‘You can change your story’s shape, but the color will always bloom upstream.’ A one-time software engineer Shane Carruth
who burst onto the independent film scene with 2004′s Primer was back at last with a new film called Upstream Color
The indie film will make its debut on Monday, January 21st, in the Dramatic Competition at the Sundance Film Festival and will open in New York at the IFC Center April 5th, 2013.
After that, Upstream Color is expanding in more than 20 markets, including Los Angeles, San Francisco, Seattle, Boston, Dallas and Chicago. The film will screen at the Berlin International Film Festival in mid-Februar and will become available on digital and cable platforms in May as well.
Carruth is again director, writer, producer, cinematographer, composer, co-editor and actor. The enigmatic science fiction tale follows a young woman (Amy Seimetz
) abducted and brainwashed with an organic material harvested from a specific flower who meets a man (Carruth) and after the two fall for each other, they come to realize he may also have been subjected to the same process. To put it another way, a man and woman are drawn together, entangled in the life cycle of an ageless organism. Identity becomes an illusion as they struggle to assemble the loose fragments of wrecked lives.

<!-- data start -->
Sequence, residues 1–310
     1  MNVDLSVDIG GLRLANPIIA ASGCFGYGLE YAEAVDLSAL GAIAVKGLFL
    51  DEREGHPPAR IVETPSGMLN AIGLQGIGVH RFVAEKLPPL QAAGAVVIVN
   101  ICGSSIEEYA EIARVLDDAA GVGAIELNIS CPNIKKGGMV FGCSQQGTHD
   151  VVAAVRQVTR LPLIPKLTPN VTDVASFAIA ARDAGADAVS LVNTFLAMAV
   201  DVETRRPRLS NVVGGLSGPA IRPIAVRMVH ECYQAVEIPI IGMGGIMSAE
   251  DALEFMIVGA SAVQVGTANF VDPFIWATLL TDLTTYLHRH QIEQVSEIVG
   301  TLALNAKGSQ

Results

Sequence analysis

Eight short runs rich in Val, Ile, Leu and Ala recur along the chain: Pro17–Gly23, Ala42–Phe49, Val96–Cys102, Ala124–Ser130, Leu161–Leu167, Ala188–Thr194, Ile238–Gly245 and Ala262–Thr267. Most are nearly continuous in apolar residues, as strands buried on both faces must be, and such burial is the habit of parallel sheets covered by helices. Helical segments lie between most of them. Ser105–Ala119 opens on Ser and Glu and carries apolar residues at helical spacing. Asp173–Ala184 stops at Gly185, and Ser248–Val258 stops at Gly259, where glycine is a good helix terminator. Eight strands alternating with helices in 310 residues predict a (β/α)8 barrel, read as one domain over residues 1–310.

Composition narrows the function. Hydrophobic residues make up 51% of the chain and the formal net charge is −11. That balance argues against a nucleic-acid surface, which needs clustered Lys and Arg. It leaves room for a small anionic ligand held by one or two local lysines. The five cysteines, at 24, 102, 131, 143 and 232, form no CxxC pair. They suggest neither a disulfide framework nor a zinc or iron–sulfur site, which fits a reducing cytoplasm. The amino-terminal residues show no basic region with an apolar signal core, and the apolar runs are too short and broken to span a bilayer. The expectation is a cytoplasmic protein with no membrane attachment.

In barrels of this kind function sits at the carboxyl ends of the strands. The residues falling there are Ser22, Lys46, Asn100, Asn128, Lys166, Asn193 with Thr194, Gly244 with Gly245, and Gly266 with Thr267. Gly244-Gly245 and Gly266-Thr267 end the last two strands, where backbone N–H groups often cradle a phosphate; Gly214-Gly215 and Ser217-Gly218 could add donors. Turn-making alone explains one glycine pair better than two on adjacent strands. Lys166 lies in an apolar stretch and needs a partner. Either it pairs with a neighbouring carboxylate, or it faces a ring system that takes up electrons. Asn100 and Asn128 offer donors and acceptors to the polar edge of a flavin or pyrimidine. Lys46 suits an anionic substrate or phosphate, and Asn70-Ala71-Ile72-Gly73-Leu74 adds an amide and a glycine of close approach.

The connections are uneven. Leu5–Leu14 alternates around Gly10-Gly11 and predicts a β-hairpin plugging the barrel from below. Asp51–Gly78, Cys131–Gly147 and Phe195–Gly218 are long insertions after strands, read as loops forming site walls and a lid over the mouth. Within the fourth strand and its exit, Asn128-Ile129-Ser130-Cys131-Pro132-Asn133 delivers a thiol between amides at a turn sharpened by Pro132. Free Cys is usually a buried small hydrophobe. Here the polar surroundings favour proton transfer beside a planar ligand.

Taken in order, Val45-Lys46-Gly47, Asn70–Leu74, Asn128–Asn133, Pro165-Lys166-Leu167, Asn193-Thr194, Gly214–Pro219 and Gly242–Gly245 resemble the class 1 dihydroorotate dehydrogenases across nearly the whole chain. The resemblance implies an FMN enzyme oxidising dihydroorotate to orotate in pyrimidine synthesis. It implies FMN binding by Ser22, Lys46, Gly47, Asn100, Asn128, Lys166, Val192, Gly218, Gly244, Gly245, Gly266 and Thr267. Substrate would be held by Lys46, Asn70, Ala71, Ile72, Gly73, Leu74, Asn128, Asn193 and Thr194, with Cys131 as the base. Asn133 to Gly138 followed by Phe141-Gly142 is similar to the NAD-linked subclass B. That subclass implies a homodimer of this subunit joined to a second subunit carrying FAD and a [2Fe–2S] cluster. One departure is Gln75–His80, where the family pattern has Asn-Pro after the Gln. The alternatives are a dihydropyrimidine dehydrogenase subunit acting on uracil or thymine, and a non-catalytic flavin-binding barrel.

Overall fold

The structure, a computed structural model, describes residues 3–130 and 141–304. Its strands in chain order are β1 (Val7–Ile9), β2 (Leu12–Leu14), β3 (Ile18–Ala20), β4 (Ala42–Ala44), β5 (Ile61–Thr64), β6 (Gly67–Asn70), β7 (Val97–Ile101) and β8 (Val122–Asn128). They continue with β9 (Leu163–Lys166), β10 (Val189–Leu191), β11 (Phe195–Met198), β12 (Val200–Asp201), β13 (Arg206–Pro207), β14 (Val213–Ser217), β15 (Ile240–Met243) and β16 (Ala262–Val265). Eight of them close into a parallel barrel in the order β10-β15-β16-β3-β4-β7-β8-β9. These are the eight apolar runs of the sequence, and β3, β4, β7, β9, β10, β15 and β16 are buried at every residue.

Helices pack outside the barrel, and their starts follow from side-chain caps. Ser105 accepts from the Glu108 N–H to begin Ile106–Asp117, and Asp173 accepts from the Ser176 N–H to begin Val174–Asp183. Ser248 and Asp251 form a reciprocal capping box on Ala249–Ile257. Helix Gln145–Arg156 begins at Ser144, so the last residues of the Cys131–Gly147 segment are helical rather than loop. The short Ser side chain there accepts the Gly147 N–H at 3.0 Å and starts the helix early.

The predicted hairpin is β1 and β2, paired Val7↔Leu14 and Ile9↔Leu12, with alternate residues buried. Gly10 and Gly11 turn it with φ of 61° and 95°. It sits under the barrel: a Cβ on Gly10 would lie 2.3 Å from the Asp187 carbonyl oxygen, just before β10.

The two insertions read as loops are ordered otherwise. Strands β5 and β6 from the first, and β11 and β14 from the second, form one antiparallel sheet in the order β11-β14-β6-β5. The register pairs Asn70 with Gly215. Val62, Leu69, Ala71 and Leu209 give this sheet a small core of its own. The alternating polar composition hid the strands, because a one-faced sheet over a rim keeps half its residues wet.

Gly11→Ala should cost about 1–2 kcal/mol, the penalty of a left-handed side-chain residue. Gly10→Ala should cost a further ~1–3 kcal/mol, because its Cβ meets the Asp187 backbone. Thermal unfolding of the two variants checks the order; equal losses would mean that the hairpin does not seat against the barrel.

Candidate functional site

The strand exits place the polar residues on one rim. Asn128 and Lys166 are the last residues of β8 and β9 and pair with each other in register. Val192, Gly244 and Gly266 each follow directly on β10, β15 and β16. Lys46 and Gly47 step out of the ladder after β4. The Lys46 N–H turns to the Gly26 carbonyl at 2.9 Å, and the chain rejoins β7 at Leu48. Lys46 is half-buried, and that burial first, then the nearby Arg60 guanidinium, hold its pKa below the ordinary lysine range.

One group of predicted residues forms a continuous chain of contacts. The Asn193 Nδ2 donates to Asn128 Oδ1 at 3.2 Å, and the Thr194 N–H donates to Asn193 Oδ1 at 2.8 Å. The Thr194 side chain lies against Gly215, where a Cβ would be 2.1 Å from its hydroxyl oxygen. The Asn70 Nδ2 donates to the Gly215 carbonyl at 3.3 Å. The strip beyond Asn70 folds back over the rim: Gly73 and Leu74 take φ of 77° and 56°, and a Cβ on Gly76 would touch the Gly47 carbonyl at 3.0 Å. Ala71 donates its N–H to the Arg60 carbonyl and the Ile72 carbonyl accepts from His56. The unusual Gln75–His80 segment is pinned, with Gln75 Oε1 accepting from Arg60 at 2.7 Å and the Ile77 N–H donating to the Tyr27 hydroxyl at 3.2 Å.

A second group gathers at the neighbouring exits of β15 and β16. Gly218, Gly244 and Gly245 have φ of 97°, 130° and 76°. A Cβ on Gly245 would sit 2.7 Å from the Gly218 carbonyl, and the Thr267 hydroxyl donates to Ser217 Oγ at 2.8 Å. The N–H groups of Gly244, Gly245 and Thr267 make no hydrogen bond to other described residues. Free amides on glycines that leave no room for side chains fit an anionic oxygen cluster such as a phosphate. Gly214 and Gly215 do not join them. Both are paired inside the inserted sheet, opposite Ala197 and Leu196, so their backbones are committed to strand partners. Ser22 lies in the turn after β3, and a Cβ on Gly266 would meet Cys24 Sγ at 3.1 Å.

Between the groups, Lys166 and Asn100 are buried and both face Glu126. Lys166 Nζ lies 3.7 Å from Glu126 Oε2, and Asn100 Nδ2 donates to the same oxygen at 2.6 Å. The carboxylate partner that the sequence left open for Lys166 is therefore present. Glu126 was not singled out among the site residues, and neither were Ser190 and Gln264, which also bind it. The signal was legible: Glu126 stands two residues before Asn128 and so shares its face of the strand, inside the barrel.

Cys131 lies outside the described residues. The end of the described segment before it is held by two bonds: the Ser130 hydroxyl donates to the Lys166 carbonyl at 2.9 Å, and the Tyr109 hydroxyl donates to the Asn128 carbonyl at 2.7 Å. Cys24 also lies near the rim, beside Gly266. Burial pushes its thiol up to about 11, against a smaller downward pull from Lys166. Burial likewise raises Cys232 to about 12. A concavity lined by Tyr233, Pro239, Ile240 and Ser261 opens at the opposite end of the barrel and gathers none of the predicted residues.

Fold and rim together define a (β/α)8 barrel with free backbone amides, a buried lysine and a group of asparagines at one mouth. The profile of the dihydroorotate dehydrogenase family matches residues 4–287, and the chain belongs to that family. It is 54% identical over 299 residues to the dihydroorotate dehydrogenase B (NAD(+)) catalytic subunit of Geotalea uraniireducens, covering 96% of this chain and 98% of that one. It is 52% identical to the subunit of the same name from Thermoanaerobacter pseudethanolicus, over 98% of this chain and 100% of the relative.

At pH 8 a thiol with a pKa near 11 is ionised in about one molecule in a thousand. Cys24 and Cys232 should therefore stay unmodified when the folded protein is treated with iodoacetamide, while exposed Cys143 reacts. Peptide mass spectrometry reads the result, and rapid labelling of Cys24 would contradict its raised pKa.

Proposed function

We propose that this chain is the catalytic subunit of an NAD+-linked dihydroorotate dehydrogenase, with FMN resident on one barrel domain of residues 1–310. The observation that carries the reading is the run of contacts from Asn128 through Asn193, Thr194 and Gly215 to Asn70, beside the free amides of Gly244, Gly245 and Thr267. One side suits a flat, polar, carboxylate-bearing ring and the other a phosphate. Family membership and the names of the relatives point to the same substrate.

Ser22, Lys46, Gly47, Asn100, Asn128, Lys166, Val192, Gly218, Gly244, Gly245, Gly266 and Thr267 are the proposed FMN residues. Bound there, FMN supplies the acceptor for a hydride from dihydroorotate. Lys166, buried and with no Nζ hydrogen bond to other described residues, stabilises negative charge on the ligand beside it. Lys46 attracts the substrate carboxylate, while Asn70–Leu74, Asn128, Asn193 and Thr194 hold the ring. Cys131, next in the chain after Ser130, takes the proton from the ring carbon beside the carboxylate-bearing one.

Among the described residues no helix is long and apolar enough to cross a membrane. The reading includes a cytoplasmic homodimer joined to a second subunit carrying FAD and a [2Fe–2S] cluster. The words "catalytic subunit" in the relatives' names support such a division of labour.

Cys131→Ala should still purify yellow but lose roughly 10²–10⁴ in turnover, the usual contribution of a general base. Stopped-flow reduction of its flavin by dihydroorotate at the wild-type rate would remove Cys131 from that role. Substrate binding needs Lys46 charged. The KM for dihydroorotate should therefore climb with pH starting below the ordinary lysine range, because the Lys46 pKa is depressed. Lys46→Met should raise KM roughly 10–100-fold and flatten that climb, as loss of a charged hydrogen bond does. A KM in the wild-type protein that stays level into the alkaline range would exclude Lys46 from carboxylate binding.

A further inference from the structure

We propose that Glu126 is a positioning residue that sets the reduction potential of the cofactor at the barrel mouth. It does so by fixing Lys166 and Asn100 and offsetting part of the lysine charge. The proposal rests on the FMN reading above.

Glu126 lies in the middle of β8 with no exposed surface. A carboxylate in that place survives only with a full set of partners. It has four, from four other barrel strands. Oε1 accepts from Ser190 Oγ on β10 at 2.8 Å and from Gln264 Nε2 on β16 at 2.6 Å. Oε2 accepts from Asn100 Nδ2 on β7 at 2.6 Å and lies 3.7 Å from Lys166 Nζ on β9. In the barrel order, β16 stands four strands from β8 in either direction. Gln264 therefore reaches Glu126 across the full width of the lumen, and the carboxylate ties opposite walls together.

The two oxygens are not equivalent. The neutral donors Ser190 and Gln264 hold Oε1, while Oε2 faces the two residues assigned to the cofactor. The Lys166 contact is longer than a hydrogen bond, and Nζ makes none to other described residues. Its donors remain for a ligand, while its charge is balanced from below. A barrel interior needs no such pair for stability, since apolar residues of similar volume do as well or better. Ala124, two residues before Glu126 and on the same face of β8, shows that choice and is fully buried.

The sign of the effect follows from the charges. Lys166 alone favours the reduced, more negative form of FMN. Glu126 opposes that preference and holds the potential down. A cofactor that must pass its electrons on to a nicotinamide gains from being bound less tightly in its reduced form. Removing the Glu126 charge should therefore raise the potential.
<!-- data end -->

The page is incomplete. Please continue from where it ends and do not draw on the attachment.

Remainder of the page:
The writer-director explains films connection to audience:
As a filmmaker you try to make a compelling case for an audience to stick around minute by minute with what is on the screen. By also crafting the marketing we’re still doing that, still storytelling, but we’re trying to make a case for an audience to show up. Hopefully for viewers, framing the film this way and staying true to the film’s intent makes it a bit more of an intimate relationship.
Hit the jump to check out the third trailer in a row
. The film co-stars Andrew Sensenig
and Thiago Martins
From the official Sundance description:
Kris is derailed from her life when she is drugged by a small-time thief. But something bigger is going on. She is unknowingly drawn into the life cycle of a presence that permeates the microscopic world, moving to nematodes, plant life, livestock, and back again. Along the way, she finds another being–a familiar, who is equally consumed by the larger force. The two search urgently for a place of safety within each other as they struggle to assemble the loose fragments of their wrecked lives.
Shane Carruth’s sensuously directed and much anticipated sophomore effort (his feature debut, Primer, won the Sundance Film Festival 2004 Grand Jury Prize) is a truly remarkable film that lies beyond the power of language to communicate while it delivers a cohesive sensory experience. With its muscular cinematic language rooted in the powerful yearnings felt before words can be formed, Upstream Color is an entirely original, mythic, romantic thriller that goes in search of truths that lie just beyond our reach